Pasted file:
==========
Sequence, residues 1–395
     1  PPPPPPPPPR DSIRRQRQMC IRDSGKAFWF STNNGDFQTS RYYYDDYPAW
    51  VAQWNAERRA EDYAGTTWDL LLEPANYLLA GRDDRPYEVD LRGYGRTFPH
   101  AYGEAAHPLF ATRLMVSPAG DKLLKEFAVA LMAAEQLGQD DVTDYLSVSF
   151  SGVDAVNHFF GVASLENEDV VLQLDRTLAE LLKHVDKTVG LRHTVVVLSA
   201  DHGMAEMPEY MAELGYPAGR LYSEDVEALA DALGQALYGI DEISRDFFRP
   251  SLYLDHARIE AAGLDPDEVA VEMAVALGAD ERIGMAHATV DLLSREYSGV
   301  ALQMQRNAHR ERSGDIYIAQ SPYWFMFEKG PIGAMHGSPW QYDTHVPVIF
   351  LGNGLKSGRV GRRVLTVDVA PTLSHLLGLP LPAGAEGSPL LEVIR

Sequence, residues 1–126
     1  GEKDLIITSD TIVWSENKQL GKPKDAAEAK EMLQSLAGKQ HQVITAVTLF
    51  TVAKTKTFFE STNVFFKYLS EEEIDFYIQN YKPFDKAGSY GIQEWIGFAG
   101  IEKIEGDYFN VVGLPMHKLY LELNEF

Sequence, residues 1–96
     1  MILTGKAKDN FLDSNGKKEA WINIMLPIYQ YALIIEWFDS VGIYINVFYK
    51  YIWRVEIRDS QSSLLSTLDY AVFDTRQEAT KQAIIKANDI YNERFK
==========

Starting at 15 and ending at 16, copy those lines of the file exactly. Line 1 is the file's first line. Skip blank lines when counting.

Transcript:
     1  MILTGKAKDN FLDSNGKKEA WINIMLPIYQ YALIIEWFDS VGIYINVFYK
    51  YIWRVEIRDS QSSLLSTLDY AVFDTRQEAT KQAIIKANDI YNERFK